If you had a written will at any point during your marriage in Colorado, the beneficiary was most likely your spouse. If you fail to update your will after your divorce and something happens to you, your ex could still end up inheriting your estate. If you and your ex have children, a will can also be a way for you to designate a guardian for them in the event that neither you nor your ex can take care of them.
According to Forbes, if you took out a life insurance policy during your marriage the beneficiary was also probably your spouse. If you have children, the assumption was most likely that your spouse would continue to care for your children in your absence. If you were to pass away and want to ensure that your children are provided for directly without relying on your spouse to do so, you will need to change the beneficiary of your policy, choosing a close family member or someone else that you trust. This same concept applies to any retirement accounts you may have or trusts you are party to that could be turned over to your ex-spouse if something happened to you.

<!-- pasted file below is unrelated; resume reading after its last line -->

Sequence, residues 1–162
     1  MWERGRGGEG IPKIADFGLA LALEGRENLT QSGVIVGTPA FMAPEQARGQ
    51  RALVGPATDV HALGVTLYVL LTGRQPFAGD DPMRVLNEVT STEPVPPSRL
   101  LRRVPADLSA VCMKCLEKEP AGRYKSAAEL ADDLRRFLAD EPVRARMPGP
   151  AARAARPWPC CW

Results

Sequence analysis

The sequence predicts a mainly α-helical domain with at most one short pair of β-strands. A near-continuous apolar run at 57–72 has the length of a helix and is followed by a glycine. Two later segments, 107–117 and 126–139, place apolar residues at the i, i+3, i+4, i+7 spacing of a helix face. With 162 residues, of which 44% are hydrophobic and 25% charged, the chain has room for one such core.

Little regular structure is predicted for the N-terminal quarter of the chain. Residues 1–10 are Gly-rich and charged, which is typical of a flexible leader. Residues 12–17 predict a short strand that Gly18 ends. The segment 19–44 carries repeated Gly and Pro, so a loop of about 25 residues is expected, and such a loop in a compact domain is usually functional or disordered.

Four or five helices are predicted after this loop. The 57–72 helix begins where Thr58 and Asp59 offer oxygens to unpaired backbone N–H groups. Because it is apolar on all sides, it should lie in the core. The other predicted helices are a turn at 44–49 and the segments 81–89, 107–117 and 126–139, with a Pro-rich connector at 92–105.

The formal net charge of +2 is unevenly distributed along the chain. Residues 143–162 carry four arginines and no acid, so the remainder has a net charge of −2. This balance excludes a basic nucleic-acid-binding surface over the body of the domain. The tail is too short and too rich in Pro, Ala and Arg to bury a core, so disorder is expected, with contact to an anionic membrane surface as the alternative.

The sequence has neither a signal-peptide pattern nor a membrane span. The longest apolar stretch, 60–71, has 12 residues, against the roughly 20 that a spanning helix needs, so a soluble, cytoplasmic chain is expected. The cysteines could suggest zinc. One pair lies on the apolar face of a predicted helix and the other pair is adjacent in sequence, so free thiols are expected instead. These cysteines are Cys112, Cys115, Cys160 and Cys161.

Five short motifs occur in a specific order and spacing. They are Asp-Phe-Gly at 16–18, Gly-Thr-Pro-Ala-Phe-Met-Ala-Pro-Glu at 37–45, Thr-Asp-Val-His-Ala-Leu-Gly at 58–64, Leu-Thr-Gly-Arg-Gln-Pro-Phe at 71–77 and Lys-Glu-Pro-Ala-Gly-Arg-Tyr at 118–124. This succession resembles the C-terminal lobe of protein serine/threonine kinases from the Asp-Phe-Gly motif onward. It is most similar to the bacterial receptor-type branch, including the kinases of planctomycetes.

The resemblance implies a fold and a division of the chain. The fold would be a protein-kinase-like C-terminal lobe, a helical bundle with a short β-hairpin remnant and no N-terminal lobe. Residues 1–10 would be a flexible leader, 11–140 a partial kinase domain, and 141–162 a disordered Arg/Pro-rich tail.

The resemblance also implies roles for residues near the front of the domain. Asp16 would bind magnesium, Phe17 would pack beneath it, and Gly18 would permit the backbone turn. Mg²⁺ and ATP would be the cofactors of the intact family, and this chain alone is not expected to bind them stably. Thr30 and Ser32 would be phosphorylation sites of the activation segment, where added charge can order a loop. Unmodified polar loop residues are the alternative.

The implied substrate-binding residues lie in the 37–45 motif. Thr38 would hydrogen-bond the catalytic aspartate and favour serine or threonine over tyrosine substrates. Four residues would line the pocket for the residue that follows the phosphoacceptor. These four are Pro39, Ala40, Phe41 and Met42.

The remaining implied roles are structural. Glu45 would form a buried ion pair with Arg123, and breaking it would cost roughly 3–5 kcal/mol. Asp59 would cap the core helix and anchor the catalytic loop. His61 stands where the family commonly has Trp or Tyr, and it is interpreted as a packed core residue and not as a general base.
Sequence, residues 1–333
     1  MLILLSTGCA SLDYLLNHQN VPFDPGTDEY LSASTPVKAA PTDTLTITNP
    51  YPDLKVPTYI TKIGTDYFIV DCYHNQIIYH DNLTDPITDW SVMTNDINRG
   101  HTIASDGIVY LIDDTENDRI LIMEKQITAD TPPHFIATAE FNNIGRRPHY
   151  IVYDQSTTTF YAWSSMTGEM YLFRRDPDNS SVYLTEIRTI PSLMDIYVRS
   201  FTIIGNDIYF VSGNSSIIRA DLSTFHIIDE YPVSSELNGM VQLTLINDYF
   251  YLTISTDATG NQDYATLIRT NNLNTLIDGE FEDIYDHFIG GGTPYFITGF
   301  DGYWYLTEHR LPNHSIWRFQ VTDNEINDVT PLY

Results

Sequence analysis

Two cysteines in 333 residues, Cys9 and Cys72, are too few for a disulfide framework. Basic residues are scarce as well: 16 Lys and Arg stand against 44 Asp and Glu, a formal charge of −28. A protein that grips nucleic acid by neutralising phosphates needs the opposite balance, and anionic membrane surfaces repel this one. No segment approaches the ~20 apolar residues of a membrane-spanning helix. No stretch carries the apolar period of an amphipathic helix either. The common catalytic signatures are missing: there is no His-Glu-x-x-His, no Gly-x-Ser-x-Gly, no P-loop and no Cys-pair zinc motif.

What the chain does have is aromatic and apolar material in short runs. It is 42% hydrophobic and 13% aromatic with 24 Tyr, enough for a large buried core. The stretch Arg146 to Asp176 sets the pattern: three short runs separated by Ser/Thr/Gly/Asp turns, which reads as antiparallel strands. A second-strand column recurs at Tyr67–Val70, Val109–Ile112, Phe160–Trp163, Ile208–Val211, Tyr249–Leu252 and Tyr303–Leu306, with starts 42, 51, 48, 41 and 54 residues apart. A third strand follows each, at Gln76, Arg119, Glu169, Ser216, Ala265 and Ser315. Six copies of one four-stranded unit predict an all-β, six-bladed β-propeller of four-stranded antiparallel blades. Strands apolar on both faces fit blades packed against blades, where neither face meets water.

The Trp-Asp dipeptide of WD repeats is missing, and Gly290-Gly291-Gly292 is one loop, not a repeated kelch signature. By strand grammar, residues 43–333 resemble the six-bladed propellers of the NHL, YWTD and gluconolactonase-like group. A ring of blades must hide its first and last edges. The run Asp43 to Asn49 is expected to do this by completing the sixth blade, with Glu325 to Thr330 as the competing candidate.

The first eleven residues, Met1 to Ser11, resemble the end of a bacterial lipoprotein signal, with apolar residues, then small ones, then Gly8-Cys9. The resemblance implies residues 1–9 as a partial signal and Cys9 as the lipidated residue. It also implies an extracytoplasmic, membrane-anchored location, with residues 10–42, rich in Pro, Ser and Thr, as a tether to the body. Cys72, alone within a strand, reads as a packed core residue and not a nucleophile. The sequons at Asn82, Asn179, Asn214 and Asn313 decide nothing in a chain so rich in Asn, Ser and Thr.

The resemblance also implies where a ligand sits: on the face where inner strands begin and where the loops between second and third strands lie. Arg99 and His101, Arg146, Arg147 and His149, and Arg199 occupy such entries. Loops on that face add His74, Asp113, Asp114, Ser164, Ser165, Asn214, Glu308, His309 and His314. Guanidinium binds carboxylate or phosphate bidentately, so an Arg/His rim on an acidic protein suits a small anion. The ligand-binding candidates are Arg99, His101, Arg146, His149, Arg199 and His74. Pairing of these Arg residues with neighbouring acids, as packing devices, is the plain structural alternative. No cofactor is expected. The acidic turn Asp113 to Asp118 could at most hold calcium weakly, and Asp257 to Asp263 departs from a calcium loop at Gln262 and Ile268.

Perhaps you also granted your spouse power of attorney so that he or she could make legal and/or medical decisions for you should it become necessary. In Colorado, powers of attorney granted from one spouse to another are automatically revoked as of the date of the divorce. However, they are in effect right up until that date so if this is of concern to you, you may want to consider having your power of attorney revoked prior to your divorce becoming finalized. This information is for educational purposes only, and should not be interpreted as legal advice.